by Connie Dierking
With the new year comes reflection. Many teachers spend their winter breaks reflecting on the days gone by and the days to come. A hot cup of coffee and a sunny patch of a well-loved couch provides the conditions for reset thinking. Resets in education allow teachers to return from the winter break with the intent to implement new routines, new ideas, and revised practices. Resets usually start off strong.
However, all the newness sometimes fades into February and the air becomes stale. It’s time to push the doldrums of winter out and bring the energy in to stay! Resets can and should remain alive!
The world out there is tough for kids. Poverty, health concerns, homelessness, and just plain meanness envelop the news and the environment of way too many children. Google search indicates that words like bravery, kindness, and gratitude have taken a 52% plunge. Teachers strive to counteract the negativity and create the conditions in which students feel safe and connected and open to learning.
Marie Clay’s work is steeped in the belief that a child’s contribution to his or her own learning is paramount. There are daily opportunities for building engagement, energy, and inspiration for every child every day. Reset reflection in the new year reminds us to use them!
Dr. Yvette Jackson in the forward of the book, Culturally Responsive Teaching and the Brain, by Zaretta Hammond, writes, “Neuroscience has substantiated a reality that we should relish: We are all wired for expansive learning, high intellectual performances, and self-determination.” Anyone who has watched a Reading Recovery lesson would not be surprised by that statement. Keeping the excitement and engagement alive so that these high intellectual performances can happen requires persistence and grit, by both the teacher and the child. Building lessons that provide the impetus for these stellar performances are within our reach. This is what I call keeping the reset alive!
Daily Opportunities for Building Engagement, Energy, and Inspiration
Start with a Hook
The hook happens in the first 15-30 seconds of a lesson. Offer up the key information from the start, just enough to generate interest. The hook is all about making a promise at the beginning of a lesson, enough to hook your students and fulfill that promise by the end. A good hook should:
- Connect to the emotions, what do your students care about?
- Get personal, we are alike but we are all different in wonderful ways.
Design Your Lesson Like a Work of Art
The design of a lesson is an engineering work of art. Each part should be intentional and connected. The teacher has tools at his or her fingertips to engage, keep the energy going and inspire students to keep going!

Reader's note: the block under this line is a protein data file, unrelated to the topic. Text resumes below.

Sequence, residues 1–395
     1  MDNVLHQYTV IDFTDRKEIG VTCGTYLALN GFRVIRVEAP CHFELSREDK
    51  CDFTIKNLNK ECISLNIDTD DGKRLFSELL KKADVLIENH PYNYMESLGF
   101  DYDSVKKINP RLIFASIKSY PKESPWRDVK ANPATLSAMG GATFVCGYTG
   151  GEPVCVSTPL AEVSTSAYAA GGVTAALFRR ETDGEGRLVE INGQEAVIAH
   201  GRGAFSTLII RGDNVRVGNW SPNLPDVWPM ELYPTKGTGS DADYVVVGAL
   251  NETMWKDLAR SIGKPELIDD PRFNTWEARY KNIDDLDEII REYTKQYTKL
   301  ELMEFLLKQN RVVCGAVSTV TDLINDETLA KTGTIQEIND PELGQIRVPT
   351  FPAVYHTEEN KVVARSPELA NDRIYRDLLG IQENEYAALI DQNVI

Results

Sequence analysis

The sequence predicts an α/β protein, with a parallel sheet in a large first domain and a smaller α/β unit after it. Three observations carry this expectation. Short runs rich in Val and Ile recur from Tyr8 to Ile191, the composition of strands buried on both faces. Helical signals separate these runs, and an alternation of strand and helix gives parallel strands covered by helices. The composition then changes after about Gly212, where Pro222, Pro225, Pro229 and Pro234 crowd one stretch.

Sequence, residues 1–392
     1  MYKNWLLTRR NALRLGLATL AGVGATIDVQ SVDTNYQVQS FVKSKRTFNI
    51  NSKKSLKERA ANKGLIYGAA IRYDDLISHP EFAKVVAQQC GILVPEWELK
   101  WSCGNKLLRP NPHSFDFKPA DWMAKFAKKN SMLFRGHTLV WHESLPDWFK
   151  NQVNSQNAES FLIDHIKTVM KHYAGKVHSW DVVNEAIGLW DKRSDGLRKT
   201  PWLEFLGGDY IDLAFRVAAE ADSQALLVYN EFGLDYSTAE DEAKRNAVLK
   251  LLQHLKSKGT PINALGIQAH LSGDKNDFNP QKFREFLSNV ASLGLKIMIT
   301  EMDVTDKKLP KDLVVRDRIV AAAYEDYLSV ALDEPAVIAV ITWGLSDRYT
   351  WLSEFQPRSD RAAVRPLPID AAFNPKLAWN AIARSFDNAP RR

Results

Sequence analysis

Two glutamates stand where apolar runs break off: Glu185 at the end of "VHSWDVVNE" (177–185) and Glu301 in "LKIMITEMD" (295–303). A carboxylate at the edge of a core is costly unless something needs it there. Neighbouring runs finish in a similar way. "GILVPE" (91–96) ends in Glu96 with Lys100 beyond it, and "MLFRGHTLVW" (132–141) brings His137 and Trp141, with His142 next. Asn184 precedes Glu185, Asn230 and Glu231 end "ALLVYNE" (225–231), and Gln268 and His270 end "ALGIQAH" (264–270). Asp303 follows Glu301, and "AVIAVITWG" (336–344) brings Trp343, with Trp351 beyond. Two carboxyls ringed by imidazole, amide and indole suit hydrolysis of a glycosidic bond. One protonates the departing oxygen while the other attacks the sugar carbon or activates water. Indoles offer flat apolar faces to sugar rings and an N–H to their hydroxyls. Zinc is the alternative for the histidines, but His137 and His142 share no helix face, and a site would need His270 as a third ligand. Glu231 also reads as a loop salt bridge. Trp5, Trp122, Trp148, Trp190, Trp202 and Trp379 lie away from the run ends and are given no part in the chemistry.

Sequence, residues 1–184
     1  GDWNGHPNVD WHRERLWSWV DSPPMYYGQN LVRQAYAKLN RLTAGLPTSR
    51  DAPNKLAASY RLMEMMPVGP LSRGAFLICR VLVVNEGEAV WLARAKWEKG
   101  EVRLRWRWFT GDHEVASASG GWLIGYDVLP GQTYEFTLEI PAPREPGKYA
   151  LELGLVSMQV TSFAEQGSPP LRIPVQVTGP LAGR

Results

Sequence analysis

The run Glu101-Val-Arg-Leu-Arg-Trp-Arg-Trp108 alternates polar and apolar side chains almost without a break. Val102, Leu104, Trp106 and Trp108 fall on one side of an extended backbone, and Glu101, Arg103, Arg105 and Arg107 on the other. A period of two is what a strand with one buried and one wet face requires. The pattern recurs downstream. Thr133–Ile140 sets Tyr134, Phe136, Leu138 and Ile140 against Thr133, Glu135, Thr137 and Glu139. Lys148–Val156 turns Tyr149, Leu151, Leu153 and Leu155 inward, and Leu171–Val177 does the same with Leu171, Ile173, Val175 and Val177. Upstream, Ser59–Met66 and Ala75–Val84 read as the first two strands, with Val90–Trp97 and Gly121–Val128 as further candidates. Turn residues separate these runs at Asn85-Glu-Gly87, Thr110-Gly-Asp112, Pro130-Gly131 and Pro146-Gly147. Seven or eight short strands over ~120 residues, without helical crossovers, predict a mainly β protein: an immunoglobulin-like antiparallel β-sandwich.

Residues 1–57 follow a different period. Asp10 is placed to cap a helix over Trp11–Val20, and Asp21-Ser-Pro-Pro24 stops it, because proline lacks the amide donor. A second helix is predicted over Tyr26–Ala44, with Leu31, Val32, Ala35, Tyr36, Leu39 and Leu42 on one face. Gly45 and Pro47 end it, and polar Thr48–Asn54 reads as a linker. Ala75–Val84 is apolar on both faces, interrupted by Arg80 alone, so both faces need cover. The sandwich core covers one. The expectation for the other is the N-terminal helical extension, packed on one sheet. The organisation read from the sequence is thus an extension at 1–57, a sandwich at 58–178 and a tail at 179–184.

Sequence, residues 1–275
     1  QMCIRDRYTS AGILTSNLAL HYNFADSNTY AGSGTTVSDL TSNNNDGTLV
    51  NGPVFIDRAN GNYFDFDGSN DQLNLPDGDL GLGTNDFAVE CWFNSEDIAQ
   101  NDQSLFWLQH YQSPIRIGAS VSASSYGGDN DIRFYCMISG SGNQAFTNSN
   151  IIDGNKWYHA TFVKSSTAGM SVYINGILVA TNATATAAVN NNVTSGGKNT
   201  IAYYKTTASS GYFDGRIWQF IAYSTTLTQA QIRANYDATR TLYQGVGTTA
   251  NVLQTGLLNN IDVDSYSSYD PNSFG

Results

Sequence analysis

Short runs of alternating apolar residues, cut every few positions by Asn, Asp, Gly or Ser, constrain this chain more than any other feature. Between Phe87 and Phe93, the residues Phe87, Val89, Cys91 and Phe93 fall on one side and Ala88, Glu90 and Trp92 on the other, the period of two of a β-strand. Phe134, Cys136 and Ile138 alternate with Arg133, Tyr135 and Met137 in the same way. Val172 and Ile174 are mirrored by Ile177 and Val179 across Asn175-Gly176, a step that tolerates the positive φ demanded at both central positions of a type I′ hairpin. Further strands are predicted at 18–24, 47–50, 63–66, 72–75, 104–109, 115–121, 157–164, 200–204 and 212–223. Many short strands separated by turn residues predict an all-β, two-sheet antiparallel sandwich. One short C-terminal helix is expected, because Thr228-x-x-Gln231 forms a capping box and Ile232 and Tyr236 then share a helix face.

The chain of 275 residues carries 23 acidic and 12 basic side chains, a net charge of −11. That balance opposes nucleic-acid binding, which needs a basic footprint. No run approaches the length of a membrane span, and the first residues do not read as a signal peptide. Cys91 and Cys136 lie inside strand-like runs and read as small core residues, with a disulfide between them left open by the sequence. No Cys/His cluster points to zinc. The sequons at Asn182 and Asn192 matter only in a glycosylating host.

- Pacing – some parts of the lessons are fast and some are slow
- Lean talk – teacher talk should be to the point. Clay cautions that teachers often “underestimate how complex children find…the things that teachers say.” Demonstrate in place of talk.
- Use the voice of an actor – loud and soft, intonation varies, emphasis shifts
- Bring on the tools – charts, post-its, notebook, pointers, colored pens
- Use good technology – the internet, games, publishing
- Use pop-culture/student interests – find out what they are…again
- Use your own passions – when we bring our passions to our teaching we raise our energy which raises students
- Remember to celebrate – nothing excites more than a celebration
- Keep students active! MOVE IT!
Consider a Progression of Complexity
Any lesson should consider components that allow for students to ease into the learning. If we want students to persevere, we must allow students to engage in a progression of complexity. Lessons that are difficult and confusing will push students to abandon all attempt. Consider the following:
- Begin with oral, talk it out first
- Build interest in the topic with a photograph or a short text
- Use a variety of text, i.e. video, photographs, songs, poems, picture books, chapter books, plays
- Gradual release that includes time to practice with a partner and with and without the support of the teacher
Oral Language/Oral Rehearsal
- Include a focus on the language structures students bring to the learning
- Weave speaking and listening with reading and writing
- Whatever you want students to write, require students to practice orally…many times
- Ensure all students are heard
- Think, talk, talk, talk, write, read
- Add gestures or movement during all parts of the lesson
- Allow students to meet with many students to talk and share together
- Provide a common beat for students to emulate as they transition
- Have students move as they engage with the content
- Use music
Use the new year as a reminder to find opportunities to build engagement, energy, and inspiration. A famous quote of Marie Clay states, “If children are apparently unable to learn, we should assume that we have not as yet found the right way to teach them.” And that is the job of a reset!
Connie Dierking is a primary teacher, instructional staff developer, and curriculum writer for Pinellas County Schools in Largo, Florida.
She recently presented a session entitled “Teaching with Engagement, Energy, and Inspiration” at the 2020 National Reading Recovery & K-6 Literacy Conference.